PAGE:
In branding and advertising, we usually focus on the positive: what your product is, what it does, or the benefits of using it. But sometimes, what matters most about a product is what isn’t there.
The food and beverage category is rife with products declaring what’s not there. Sometimes it’s in the name: A classic example is “I Can’t Believe It’s Not Butter.” (What is it? Who knows, who cares. It’s not butter!) We have Coke Zero, VitaminWater Zero, and Rachael Ray even brings us Zero Grain for our pets.
Sometimes we find what’s missing in the descriptor rather than in the name itself: think Fage 0%, and Special K Gluten Free. And we’ll often find it in messaging, whether we’re being told that an item has no sugar, no fat, no grains, no gluten, or whatever ingredient happens to be excluded from the fad diet of the year.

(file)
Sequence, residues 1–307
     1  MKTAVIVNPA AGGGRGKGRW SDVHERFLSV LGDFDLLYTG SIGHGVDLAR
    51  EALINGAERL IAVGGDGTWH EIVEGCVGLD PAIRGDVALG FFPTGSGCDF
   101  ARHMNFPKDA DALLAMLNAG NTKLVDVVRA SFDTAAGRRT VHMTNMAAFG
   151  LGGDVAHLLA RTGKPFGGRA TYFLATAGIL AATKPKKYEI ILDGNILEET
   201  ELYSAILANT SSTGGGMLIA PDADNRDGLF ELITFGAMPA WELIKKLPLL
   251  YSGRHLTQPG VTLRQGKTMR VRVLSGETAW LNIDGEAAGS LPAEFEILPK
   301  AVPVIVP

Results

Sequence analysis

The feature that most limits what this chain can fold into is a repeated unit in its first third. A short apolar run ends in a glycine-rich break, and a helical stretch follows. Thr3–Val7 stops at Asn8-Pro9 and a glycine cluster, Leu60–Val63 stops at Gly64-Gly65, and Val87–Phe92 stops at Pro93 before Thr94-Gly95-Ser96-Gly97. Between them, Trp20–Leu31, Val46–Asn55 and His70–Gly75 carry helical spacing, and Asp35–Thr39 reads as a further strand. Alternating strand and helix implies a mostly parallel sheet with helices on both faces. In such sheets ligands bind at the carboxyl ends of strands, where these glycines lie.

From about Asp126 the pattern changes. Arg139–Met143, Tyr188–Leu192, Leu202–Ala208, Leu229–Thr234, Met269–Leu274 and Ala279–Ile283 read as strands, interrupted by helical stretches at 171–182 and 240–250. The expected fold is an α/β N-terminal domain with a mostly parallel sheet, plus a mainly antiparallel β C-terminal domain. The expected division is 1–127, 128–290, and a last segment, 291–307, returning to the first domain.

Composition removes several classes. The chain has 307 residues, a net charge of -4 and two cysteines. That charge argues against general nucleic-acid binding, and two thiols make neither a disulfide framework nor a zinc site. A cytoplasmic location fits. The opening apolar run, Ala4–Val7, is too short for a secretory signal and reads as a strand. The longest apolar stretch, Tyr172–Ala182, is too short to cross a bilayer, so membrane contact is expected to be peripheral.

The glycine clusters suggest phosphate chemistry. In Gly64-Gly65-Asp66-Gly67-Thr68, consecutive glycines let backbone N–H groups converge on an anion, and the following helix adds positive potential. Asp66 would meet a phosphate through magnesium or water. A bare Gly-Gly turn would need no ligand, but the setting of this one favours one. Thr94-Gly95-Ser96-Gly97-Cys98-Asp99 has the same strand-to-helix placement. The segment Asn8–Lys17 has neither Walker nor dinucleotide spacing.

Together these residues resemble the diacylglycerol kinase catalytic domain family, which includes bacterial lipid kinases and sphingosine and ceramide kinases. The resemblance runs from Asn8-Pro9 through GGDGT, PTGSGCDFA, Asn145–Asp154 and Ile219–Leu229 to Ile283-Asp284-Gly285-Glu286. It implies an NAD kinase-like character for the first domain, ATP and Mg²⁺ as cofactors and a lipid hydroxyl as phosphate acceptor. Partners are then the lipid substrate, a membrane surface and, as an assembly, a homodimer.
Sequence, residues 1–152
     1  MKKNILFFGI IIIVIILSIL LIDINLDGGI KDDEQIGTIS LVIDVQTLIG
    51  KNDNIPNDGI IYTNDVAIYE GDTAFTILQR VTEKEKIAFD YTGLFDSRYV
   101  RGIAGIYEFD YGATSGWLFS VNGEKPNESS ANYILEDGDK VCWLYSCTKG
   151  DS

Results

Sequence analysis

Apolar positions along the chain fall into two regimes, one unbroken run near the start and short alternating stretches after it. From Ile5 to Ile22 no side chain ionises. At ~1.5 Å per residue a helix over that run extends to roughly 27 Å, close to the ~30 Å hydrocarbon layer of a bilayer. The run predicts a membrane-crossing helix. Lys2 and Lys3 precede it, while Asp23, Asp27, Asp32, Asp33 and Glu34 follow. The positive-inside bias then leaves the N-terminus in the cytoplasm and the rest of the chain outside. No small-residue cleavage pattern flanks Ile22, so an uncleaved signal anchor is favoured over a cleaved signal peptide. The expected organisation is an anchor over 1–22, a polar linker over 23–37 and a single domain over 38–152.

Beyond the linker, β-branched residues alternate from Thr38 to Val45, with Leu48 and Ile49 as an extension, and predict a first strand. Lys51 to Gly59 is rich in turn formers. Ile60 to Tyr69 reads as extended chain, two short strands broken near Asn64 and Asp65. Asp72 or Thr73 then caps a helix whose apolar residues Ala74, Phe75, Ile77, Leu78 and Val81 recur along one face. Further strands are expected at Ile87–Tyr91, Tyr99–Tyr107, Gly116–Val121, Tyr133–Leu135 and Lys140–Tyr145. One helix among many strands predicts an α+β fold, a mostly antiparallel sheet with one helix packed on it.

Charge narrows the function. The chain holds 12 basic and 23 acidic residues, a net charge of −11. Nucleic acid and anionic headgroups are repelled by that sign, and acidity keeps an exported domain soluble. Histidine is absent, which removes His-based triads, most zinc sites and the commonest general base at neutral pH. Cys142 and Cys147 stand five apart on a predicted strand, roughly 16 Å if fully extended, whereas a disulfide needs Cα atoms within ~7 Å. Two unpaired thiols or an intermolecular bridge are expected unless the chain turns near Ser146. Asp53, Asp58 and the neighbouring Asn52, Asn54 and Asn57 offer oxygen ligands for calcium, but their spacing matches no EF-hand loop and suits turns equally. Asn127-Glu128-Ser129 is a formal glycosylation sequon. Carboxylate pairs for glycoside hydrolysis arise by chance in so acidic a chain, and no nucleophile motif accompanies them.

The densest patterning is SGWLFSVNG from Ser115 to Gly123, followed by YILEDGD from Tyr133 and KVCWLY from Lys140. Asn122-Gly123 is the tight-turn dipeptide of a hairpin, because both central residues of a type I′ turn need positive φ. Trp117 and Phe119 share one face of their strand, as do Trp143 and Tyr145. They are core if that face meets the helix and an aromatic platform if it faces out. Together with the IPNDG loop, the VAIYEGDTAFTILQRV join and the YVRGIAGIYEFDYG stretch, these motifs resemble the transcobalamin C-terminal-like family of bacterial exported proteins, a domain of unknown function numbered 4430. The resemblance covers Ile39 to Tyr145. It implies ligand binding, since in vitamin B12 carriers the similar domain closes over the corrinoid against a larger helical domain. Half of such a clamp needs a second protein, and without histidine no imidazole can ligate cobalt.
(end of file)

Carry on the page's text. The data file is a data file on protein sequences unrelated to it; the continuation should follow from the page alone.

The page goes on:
It’s not just food and beverage that features language about negative space. Now that more and more everyday items are being found to contain carcinogens or endocrine disruptors, there’s more messaging than ever about what’s not in consumer products. My Contigo water bottle is advertised as “BPA-free,” while my Simple face wash boasts “NO harsh chemicals, NO artificial perfume or dyes” right on the bottle. My Herbal Essences Naked shampoo bottle prominently announces “0% Paraben” immediately beneath the name.
Sometimes it’s not about what a product contains (well, doesn’t contain), but about its benefits. A benefit can, in fact, be framed a negative. For example, the benefit of a water repellent fabric could be staying dry, like North Face’s DryVent, or it could be not getting wet, like Patagonia’s H2No. The benefit of a hair removal product could be smoothness, as in Braun’s Silk-épil, or it could be no hair, as in the infomercial favorite No! No!.
Focusing on the positive is a good rule to live by in branding, and, heck, in life. But rules are meant to be broken. When the absence of something is really important to consumers, sometimes it makes sense to own what you aren’t.